Cherokee National Holiday

918-453-5536
holiday@cherokee.org

About the Artwork

The 69th Annual Cherokee National Holiday theme is “Cultivating Our Culture: Language. Literacy. Lifeways.” The theme and art pays homage to the Cherokee language and 200-year anniversary of the written Cherokee language, the Cherokee syllabary, invented by Sequoyah in 1821.

At the center of the design is renowned Cherokee inventor Sequoyah inspired in the Southeastern Woodlands design. He holds a tablet of his signature, shown as he signed it in historical records. Surrounding him is the wording “Presented to George Gist by the General Council of the Cherokees for his ingenuity in the invention of the Cherokee Alphabet.” George Gist was Sequoyah’s English name and was inscribed on the medallion he was awarded in 1824 by tribal leaders and worn by Sequoyah throughout his life. The image of two pipes was engraved on the back of Sequoyah’s medal and are displayed in the design. Seven stars represent the seven clans with one black star representing all Cherokee speakers lost to COVID-19 and who passed in the last year.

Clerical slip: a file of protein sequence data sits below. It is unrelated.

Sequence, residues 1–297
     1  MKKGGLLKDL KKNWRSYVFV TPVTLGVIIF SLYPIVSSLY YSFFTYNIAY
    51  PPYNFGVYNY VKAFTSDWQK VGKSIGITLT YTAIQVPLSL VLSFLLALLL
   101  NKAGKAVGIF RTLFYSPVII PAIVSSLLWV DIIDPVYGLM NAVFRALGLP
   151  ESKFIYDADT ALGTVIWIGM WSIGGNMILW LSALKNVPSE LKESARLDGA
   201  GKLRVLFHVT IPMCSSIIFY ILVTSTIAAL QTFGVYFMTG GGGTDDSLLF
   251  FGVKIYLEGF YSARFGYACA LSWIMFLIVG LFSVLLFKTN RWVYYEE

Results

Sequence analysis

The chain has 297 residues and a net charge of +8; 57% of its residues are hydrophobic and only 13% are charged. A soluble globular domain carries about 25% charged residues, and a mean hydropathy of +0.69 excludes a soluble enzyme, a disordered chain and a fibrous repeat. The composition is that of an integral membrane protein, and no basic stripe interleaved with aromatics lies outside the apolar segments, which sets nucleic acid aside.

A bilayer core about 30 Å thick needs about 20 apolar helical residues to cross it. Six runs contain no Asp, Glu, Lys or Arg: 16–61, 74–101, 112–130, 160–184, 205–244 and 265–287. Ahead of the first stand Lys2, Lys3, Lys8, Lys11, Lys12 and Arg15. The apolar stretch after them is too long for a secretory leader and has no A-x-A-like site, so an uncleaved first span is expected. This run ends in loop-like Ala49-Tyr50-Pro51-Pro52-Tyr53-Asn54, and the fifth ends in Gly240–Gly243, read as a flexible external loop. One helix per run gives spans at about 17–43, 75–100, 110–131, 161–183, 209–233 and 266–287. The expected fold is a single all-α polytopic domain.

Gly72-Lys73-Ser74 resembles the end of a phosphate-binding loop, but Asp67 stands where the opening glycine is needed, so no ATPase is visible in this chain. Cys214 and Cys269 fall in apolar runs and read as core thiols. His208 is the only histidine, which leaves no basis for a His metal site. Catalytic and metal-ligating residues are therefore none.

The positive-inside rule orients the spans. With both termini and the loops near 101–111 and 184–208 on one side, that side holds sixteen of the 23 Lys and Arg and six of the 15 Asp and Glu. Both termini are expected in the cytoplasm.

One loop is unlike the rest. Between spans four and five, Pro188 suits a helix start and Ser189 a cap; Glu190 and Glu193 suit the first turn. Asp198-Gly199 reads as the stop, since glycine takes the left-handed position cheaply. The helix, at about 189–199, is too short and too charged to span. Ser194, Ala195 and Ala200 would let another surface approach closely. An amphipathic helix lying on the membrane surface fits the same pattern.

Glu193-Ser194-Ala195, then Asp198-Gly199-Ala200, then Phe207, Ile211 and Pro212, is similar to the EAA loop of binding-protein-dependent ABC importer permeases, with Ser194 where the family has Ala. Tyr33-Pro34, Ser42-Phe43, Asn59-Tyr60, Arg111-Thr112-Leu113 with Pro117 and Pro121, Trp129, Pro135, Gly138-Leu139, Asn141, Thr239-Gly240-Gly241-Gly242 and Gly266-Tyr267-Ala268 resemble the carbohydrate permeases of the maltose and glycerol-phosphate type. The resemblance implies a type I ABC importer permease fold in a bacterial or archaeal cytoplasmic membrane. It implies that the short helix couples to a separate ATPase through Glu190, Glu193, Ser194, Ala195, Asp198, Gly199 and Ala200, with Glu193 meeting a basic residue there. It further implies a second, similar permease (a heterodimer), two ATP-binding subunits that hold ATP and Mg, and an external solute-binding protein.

Those images are encompassed by a turtle representing the voice of the people. At ceremonial dances, women wear turtle shell rattles on their legs. The rhythmic sounds of shells as the women dance is said to symbolize the turtles lifting up their voice in song. The 86 leaves around the turtle shell represent the 86 characters in the Cherokee syllabary. The turtle moves counter clockwise in the tradition of the Cherokee people and its head is representative of the Cherokee language being an integral part of our culture in the East and West still today. The Holiday art was designed by Cherokee speakers and artists Dan Mink and Roy Boney Jr.